understandable linux tips, tricks and tutorials

kioslaves are one of the most powerful, but sadly hidden, features of kde. As has been written many times, the power of kde lies in its frameworks and the integration of those frameworks into every facet of the desktop environment through kdelibs. kioslaves is one of those key frameworks. It provides access to resources such as file systems and network protocols in a consistent way, so that all kde applications can access them. Why is this important? Because it opens up a whole new world of usability that you may not have been aware of.

where do I find kioslaves?

They’re everywhere. You may not even realise that you are using them. They are available in the kde file dialog, krunner (press alt+f2, dolphin and konqueror. Everytime you look at a web page in konqueror, you are using the http:// kioslave. You can see what kioslaves are available on your system under "Protocols" in kinfocenter (to run it, just press alt+f2 and type "kinfocenter" into the run dialog).

how do I use kioslaves?

kioslaves are entered into the address bar of konqueror, a file dialog, or the run dialog. They generally take the format protocol:/[address]. For example if you want to use the tar protocol, you’d type tar:/path/to/tarfile into the address bar. One exception seems to be network based protocols like ftp:// and fish:// which require 2 "//"’s to work.

How Do Kioslaves Behave?


Generally entering a kioslave into an address bar will produce a list of files that are accessed through the protocol. The files can be browsed like any other file listing in konqueror, or the file dialog. You should be able to drag and drop them as you would any other file. This is where the usability of kioslaves lies. It gives you a common interface to a whole bunch of disparate concept. So in dolphin, you can open up a remote ftp server in one tab, and a remote ssh server in another tab, and drag and drop files between them as if they were on your local filesystem. It means that when you’ve finished creating an image in krita, you can save it directly to your remote web server using the ftp:// kioslave from the file dialog. Alternatively, you can use dolphin and the same ftp:// protocol to open a php file off your webserver in kate, edit it, and save it directly back.

so what are they good for?

Looking at the following screenshot, you can see the wide range of kioslaves available:

These are just a few suggestions of what you can do with kioslaves. Given the number of protocols available, the possibilities are endless.

audiocd:/

The audiocd kioslave is one of the most impressive features of kde. It presents you with a directory containing a number of other directories containing the tracks from the cd converted to various formats, including .mp3, .ogg, .flac and .wav. You open the directory containing the format you want, and when you copy the files into a real directory, the files are converted into that format.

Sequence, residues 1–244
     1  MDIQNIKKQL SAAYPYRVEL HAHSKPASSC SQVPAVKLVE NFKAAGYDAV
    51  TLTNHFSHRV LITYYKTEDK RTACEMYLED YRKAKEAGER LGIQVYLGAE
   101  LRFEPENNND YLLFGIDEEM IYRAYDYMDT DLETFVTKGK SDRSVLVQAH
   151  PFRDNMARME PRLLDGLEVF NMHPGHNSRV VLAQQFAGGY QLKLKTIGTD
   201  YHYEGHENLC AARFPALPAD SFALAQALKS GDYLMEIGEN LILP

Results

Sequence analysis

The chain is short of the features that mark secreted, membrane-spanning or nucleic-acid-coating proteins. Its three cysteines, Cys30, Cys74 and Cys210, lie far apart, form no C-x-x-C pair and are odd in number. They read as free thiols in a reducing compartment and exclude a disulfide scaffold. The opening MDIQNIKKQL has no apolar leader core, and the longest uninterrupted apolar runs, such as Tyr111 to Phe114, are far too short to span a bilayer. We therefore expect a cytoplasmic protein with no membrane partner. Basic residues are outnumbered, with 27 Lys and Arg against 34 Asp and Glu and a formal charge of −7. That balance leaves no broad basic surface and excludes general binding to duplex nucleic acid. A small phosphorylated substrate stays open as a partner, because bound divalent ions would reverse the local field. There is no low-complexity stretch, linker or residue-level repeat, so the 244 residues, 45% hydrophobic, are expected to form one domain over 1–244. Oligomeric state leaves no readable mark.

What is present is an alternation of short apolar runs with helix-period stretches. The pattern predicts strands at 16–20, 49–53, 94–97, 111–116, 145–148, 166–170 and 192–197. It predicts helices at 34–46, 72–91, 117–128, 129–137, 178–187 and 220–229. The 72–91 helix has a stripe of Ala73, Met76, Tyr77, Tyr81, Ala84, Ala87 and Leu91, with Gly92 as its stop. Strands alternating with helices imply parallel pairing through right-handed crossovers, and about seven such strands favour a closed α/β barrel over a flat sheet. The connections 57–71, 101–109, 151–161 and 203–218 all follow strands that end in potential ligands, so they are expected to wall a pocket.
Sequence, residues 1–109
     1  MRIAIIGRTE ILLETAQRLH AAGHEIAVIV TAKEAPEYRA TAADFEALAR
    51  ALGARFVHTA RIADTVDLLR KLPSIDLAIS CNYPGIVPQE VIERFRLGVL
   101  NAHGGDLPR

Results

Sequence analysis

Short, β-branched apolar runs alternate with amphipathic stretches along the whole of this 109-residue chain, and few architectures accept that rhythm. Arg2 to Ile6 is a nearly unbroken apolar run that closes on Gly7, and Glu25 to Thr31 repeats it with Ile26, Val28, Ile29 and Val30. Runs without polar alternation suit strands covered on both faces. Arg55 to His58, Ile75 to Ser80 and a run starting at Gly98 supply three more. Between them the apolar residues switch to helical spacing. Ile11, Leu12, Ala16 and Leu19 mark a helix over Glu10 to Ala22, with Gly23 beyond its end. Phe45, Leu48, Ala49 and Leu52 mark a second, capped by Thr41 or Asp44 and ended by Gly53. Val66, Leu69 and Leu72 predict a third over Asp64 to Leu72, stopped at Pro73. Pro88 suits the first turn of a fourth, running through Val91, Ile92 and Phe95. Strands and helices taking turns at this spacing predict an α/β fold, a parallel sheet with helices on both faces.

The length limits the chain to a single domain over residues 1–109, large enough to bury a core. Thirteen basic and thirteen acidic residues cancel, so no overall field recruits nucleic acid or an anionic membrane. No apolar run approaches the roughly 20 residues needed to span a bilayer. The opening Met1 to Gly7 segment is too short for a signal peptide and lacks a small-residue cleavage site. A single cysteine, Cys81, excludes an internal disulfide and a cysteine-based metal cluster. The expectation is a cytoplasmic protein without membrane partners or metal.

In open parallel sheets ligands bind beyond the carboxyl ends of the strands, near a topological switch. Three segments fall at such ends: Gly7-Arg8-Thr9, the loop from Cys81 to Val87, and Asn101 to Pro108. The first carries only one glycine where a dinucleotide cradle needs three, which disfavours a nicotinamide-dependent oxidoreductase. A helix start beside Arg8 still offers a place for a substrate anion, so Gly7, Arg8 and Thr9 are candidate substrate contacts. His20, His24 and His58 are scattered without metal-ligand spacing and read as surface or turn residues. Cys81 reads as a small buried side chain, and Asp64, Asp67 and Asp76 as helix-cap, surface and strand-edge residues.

help:/

If you put help:/kappname into the addressbar of konqueror, konqueror will show the application’s handbook.


sysinfo:/

The sysinfo kioslave gives you an overview of your … system information. That’s it – very simple.


settings:/

This kioslave will give you a simplified interface to the kcontrol modules. You end up with a konqueror or dolphin window that looks a bit like the control panel in windows.


remote file management

kioslaves give you access to remote filesystems and files that can be used and manipulated as if they are local files. This is great for things like web development. You can manipulate files directly from a remote server. So if you need to resize an image to better fit on a webpage, open the fileopen dialog from krita, point it at the webserver using ftp:// open the image file directly from the server, work on it, and save it. No ftp client needed. The same applies for other protocols; fish:// for ssh, smb:// for samba, nfs:// for nfs, sftp:// for sftp and webdav:// for webdav.

What’s more, you can explore remote systems on your network using the remote:/ kioslave. This kioslave provides a screen with a number of options to explore remote shares using samba or zeroconf. You can also add a network folder using either the webdav, smb, ssh or ftp protocols, which will allow you to connect to the remote host just by clicking on the icon created.

5 Comments
  1. Very Useful info……..
    This was the first time I saw & understood to some extent what kioslaves are!!

    Good Work

  2. Do you know if anyone has tried to make a 9P2000 interface for KIO slaves? The whole blurring of local vs remote sounds very plan9-ish and it would be cool if some of those concepts could be re-investigated in a more popular environment. At least for Linux, the 9P2000 file system is already in the kernel.

  3. How did you add the drop down menu that shows kio list in dolphin?

    Thanks

  4. thanos: how it looks! Go to the address and backspace all
    then click file and go to other. Tata!

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Site last updated October 20, 2012 @ 12:53 pm; This content last updated September 13, 2012 @ 2:14 am